This important and unique volume begins with seven essays that discuss the contemporary challenges to implementing international humanitarian law. Its second and largest section comprises 263 entries covering the vast majority of IHL concepts. Written by a wide range of experts, each entry explains the essential legal parameters of a particular element of IHL, while offering practical examples and, where relevant, historical considerations, and supplying a short bibliography for further research. The starting point for the selection were notions arising from the Geneva Conventions, the Additional Protocols, and other IHL treaties. However, the reader will also encounter entries going beyond the typical scope of IHL, such as those related to the protection of the natural environment and animals, and entries that, in addition to an IHL perspective, discuss relevant issues through the lens of human rights law, refugee law, international criminal law, the law on State responsibility, national law, and so on. The editors have also attempted to take into account certain concepts that have no direct foundation in IHL, but that are commonly used in mass media and politics, or generate wide interest in contemporary society, such as drones, economic warfare, cyber warfare, sniping, targeted killings, transitional justice, terrorism, and many other topics.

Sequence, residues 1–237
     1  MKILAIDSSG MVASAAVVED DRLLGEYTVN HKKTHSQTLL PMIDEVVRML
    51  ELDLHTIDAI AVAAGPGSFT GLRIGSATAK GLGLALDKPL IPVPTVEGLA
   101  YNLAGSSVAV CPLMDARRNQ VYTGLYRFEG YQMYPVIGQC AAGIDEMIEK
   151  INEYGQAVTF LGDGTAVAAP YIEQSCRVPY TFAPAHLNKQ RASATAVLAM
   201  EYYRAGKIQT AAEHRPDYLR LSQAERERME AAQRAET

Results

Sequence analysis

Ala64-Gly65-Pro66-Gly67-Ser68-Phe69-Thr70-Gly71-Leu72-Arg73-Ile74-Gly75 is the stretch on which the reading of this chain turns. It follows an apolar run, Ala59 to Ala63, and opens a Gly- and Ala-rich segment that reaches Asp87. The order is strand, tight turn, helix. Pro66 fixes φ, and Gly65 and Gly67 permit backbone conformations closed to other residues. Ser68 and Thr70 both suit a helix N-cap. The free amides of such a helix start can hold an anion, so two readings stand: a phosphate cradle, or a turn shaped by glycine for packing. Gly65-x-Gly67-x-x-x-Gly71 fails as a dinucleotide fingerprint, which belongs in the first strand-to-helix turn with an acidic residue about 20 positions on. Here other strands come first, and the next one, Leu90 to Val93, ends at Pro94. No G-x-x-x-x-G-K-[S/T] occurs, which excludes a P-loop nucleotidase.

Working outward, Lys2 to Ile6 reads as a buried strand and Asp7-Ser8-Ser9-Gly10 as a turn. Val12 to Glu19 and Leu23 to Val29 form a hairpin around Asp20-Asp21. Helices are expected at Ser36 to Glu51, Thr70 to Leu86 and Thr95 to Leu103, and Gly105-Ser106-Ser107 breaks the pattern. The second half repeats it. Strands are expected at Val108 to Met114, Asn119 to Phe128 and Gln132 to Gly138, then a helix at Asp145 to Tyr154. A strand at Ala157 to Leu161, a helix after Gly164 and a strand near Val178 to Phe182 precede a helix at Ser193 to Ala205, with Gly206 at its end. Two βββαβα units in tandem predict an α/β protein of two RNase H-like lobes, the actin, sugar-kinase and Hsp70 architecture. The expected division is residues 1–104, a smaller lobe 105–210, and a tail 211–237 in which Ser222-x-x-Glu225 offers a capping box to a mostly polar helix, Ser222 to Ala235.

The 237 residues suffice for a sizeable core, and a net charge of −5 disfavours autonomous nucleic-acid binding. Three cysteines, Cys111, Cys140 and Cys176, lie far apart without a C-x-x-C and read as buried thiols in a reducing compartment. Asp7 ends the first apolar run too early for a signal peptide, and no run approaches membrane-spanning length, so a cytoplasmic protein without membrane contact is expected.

The Companion to International Humanitarian Law offers a much-needed tool for both scholars and practitioners, supplying information accessible enough to enable a variety of users to quickly familiarise themselves with it and sufficiently comprehensive to be a source for reflection and further research for more demanding users. Its aim is to facilitate the practical application of IHL, and be of use to a wide audience interested in or confronted with IHL, ranging from professionals in humanitarian assistance and protection in the field, legal officers and advisers at the national and international level, trainers, academics, scholars, and students.